May 022019
 

 

With an eye on the upcoming local and European elections, the President of ICMSA has asked the rural electorate to support candidates who demonstrate a real commitment to farming and rural communities with defined policies and who accept and will act on the basis that farming and the wider food production sector it supports is part of the solution to our environmental challenges and not, as Pat McCormack puts it, “a scapegoat for fears being hyped up by people who themselves have no viable answers or solutions.”

The ICMSA President said that farming in Ireland is always changing and adapting to opportunities and challenges, but the sector has rarely, if ever, experienced as much uncertainty as that which currently prevails.   “The last year has seen three major issues come to the fore at national and international level, any one of which, on their own, has the potential to shape for good or bad the very future of Irish agriculture but coming together, as they are, ICMSA does not exaggerate when we say that they will determine the future of Irish farming and the dependent wider rural economy and society.  Brexit, CAP Post 2020 and Climate Change either taken on their own or as a package will decide whether we will have a rural economy at all”, he said.

Noting that the Irish economy continues to perform well with strong economic growth and employment levels, Mr. McCormack said there is, nevertheless, a clear issue with the vulnerability of the rural economy. “Brexit, now extended to the end of October, remains a very serious threat and is directly impacting on farmers’ incomes since the second half of 2018 – supports must be introduced immediately to address that fact.   The day after the Referendum, Ireland had two strategic priorities: firstly, to prevent the re-introduction of border infrastructure and secondly, to work towards a post Brexit trading regime with our key British market that would be as close to the present arrangements as possible.   Recent developments and extensions notwithstanding, it is apparent that neither of these objectives has been categorically secured.   It is difficult to exaggerate the negative implications for the whole economy and very specifically, farming and rural areas, in the event of a No Deal or ‘Hard’ Brexit”, he continued, and we need to see real actions on this issue.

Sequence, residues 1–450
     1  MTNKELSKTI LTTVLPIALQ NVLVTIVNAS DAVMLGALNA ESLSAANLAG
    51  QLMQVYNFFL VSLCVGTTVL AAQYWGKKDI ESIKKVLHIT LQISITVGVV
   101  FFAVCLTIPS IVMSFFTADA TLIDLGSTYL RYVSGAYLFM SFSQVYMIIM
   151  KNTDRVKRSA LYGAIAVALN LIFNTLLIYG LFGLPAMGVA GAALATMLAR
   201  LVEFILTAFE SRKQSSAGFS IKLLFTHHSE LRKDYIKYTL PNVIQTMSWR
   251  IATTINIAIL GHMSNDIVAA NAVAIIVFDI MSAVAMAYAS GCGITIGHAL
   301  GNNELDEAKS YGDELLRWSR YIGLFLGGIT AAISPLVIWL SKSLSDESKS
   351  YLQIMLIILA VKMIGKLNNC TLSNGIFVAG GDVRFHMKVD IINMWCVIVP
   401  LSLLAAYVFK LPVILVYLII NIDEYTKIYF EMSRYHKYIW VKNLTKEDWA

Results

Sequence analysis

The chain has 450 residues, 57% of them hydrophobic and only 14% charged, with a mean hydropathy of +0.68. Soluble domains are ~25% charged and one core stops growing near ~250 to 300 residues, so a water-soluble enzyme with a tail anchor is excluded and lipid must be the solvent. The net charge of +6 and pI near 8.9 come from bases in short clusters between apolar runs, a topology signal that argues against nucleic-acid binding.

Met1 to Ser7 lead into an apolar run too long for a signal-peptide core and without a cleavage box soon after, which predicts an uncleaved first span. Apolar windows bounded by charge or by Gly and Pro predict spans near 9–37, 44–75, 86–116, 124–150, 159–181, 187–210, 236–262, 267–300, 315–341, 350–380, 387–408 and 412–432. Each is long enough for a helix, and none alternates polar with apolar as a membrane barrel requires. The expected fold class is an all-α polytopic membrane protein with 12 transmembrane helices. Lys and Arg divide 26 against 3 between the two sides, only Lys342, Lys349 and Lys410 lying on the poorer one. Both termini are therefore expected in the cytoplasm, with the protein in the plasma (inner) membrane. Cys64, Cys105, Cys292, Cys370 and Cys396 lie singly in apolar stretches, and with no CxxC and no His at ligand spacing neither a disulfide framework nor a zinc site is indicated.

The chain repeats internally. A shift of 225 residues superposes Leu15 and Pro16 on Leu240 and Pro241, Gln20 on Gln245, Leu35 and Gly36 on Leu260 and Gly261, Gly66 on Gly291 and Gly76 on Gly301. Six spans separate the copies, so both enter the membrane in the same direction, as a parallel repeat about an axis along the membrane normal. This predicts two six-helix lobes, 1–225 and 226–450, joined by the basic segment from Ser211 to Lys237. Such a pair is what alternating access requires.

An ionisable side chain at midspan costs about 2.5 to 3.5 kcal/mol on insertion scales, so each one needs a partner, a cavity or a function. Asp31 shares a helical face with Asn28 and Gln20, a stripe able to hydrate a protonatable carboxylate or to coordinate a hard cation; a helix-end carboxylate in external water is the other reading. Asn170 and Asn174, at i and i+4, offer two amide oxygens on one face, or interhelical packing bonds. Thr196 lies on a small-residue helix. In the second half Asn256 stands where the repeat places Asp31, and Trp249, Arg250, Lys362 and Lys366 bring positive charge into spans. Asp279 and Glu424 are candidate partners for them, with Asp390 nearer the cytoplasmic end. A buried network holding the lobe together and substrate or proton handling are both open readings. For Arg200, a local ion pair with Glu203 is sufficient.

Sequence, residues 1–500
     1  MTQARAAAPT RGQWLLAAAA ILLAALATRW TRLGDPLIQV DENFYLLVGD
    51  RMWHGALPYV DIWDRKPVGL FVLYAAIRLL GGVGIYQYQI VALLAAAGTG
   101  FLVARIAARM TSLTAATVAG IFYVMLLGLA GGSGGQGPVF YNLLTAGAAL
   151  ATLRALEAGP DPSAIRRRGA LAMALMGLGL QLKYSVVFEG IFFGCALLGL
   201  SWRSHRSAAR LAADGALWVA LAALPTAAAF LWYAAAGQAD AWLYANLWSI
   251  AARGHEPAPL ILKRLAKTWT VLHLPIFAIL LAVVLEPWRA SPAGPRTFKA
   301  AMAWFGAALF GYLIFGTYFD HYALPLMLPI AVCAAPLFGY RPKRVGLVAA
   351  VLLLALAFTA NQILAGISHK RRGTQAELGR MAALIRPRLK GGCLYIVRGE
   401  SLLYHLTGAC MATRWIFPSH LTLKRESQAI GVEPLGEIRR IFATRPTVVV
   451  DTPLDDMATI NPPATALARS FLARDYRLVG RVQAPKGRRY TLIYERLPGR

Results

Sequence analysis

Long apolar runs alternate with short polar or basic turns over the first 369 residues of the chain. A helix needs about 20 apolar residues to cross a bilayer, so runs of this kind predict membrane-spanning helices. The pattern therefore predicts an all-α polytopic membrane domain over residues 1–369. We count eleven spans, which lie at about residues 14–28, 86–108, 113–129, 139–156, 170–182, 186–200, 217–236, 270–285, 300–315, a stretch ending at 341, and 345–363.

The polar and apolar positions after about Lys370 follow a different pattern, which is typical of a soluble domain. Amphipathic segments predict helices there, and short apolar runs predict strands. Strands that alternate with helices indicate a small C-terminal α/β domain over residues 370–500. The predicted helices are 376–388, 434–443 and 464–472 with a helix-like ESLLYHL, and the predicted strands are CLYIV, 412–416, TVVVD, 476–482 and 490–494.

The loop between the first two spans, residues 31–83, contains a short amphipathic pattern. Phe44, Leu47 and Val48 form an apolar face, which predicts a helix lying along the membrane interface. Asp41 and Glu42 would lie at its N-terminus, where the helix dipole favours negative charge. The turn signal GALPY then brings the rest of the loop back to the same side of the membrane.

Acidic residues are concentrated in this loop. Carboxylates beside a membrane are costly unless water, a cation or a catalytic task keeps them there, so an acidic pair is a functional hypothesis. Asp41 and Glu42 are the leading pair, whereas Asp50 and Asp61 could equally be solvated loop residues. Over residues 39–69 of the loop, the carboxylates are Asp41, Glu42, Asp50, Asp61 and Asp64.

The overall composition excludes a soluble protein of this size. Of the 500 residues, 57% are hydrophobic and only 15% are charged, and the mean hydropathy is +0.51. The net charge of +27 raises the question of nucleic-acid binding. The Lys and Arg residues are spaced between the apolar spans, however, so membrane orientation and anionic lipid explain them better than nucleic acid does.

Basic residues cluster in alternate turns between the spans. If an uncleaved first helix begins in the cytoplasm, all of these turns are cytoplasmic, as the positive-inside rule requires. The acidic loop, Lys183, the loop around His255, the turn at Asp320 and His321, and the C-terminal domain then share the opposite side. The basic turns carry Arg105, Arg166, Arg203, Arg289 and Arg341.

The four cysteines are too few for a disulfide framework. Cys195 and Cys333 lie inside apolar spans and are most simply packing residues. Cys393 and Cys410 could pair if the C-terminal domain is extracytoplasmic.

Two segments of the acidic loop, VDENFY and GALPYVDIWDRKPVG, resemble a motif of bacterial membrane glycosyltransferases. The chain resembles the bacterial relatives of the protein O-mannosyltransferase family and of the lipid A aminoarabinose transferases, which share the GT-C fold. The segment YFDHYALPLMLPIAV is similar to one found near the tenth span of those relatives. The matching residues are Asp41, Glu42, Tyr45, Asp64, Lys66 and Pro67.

“CAP is the key EU policy to support farmers.   The Commission proposal is a for a substantial reduction in the CAP.   Ireland must ensure that the current CAP budget is at least maintained and that the supports under CAP must be targeted to farmers who are making an economic contribution to their local economy and the national economy.   The regulations surrounding CAP must be simplified and reflect the practical realities of farming in Ireland.

Climate Change and the ongoing challenges arising from it are now ‘front and centre’ in daily discourse.   Farmers are being unfairly targeted in this debate by certain vested interests and Irish agriculture can play a very positive role in addressing climate change if appropriate policies are adopted.   ICMSA believes in, and will work towards, a model that sees farmers as part of the solution.   Global population is growing and accordingly, demand for food is growing.   Ireland is one of the most carbon-efficient producers of dairy and beef on the planet and thus should be supported by all those campaigning for reductions in global emissions.   It is completely illogical to reduce production of food in carbon-efficient systems and switch that production to other more environmentally damaging producers.   If this is a global problem – and it is – then the solution must take a global approach and produce food where it is most carbon efficient to do so.   

The upcoming EU and local elections present farmers and rural dwellers with an opportunity to set out their concerns to politicians.  ICMSA has set its key demands to candidates in rural constituencies and it is essential that all individual farmers and rural dwellers insist that those going for election put farming and rural issues at the top of their agendas, concluded Mr. McCormack.

Ends.    2 May 2019

Pat McCormack, 087-7608958

President, ICMSA.

Or

Cathal MacCarthy, 087-6168758

ICMSA Press Office